Roundup of Recent Posts 2

Roundup of recent posts 2.

Roundup of Recent Posts 2

Remember to follow @Stoicweek on Twitter #Stoicweek for daily updates snippets.

And another two video diaries!

Day 4 of Living the Stoic Life!

Use this thread to post anything related to the Stoic life today. If you are blogging on the Stoic week or doing a Youtube diary, feel free to link to those from here.

And, if you have the time, do you have any reflections on the Stoic week as a whole to date?

‘There is one type of person who, whenever he has done a good deed to another, expects and calculates to have the favour repaid. There is a second type of person who does not calculate in such a way but who, nevertheless, deep within himself regards the other person as someone who owes him something and he remembers that he has done the other a good deed.

But there is a third type of person who, in some sense, does not even remember the good deed he has done but who, instead, is like a vine producing its grape, seeking nothing more than having brought forth its own fruit, just like a horse when it has run, a dog when it has followed its scent and a bee when it has made honey. This man, having done one good deed well, does not shout it about but simply turns his attention to the next good deed, just like the vine turns once again to produce its grape in the right season.’

                                                                                           Marcus Aurelius, Meditations, 5.6


 

The Old Stoic by Emily Brontë

The short poem “The Old Stoic” by Emily Brontë.

The Old Stoic

Riches I hold in light esteem,
And love I laugh to scorn,
And lust of fame was but a dream
That vanished with the morn.

And if I pray, the only prayer
That moves my lips for me Is,
“Leave the heart that now I bear,
And give me liberty!”

Yes, as my swift days near their goal,
‘Tis all that I implore –
In life and death, a chainless soul,
With courage to endure.

From Poems of Solitude by Emily Brontë

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The Essence of Stoic Philosophy: Excerpt from Build your Resilience (2012)

An excerpt from Build your Resilience (2012) that paraphrases the Handbook of Epictetus to provide a summary of the basic principles of Stoicism.

The Essence of Stoicism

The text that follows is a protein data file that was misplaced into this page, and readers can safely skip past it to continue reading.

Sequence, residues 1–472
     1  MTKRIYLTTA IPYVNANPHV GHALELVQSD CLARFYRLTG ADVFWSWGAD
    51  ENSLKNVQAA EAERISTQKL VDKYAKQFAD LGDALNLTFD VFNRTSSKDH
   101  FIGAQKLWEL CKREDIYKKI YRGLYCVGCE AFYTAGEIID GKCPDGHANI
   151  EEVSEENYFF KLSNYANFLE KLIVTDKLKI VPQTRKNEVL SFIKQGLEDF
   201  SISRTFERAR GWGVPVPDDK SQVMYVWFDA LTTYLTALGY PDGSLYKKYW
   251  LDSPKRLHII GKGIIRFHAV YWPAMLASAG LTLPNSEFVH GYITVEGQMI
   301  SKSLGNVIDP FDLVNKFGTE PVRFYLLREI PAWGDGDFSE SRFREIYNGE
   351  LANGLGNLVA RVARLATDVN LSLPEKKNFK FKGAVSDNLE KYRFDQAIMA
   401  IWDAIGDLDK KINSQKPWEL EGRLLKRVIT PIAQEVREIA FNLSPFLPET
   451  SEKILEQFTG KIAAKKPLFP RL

Excerpt from Build your Resilience (2012) by Donald Robertson.

So what practical advice do the Stoics give us about building resilience? Well, this is a philosophy that can be studied for a lifetime and more detailed accounts are available. An excellent modern guide to Stoicism already exists in the book A Guide to the Good Life: The Ancient Art of Stoic Joy by Prof. William Irvine, an academic philosopher in the USA (Irvine, 2009). My own writings, especially my book The Philosophy of Cognitive-Behavioural Therapy, have focused on describing the relationship between Stoicism and modern psychotherapy (Robertson, 2010; Robertson, 2005).

However, although, Stoicism is a vast subject, it was based upon a handful of simple principles. Epictetus summed up the essence Continue reading “The Essence of Stoic Philosophy: Excerpt from Build your Resilience (2012)”

Day 3 of Living the Stoic Life

Use this thread to post anything (questions, observations, and reflections) related to living the Stoic life today!

If needed, here are a couple of questions to get you started:

  • If you have practised one of the exercises in the morning, did it have a helpful impact on the rest of your day?
  • Has any exercise been difficult? What could make it easier?

  • If you are new to Stoicism, have you found that this week has counteracted the stereotypes of it so far?

Continue reading “Day 3 of Living the Stoic Life”

The Evening Meditation: Some Reflections

Some personal reflections on the evening meditation exercise for #Stoicweek

The Evening Meditation: Some Reflections

Donald Robertson

Follow @Stoicweek on Twitter #Stoicweek for daily updates and, er, light-hearted Stoic chit-chat.

I’ve been practising aspects of Stoicism for a few years now, although I feel that for a long time I was just scraping the surface and I’m sure that in years to come I’ll look back on my current practice as a pretty “lightweight” effort.  I’m a cognitive-behavioural  therapist and I feel it’s important for me to try to put into practice as many of the things I use with clients as possible.  However, CBT is largely designed for use with people who have specific mental health problems, clinically severe anxiety or depression, etc.  It helps people with certain problems but it has no clearly-defined goal for us to pursue in relation to life in general.  I felt that I needed a broader philosophical framework, therefore, in order to apply these therapeutic strategies to my own personal development.  (I wrote my book on the subject partly to help me reconcile the techniques I liked from modern therapy with the kind of philosophical system I liked: Stoicism.)

I wanted to share some personal reflections, for a change.  Hopefully this will encourage other students of Stoicism to talk about their experiences during Stoic Week and beyond.  I don’t pretend to be an expert on the Stoic way of life but maybe some of these comments will inspire thoughts from others and help fuel a bit of discussion.

Continue reading “The Evening Meditation: Some Reflections”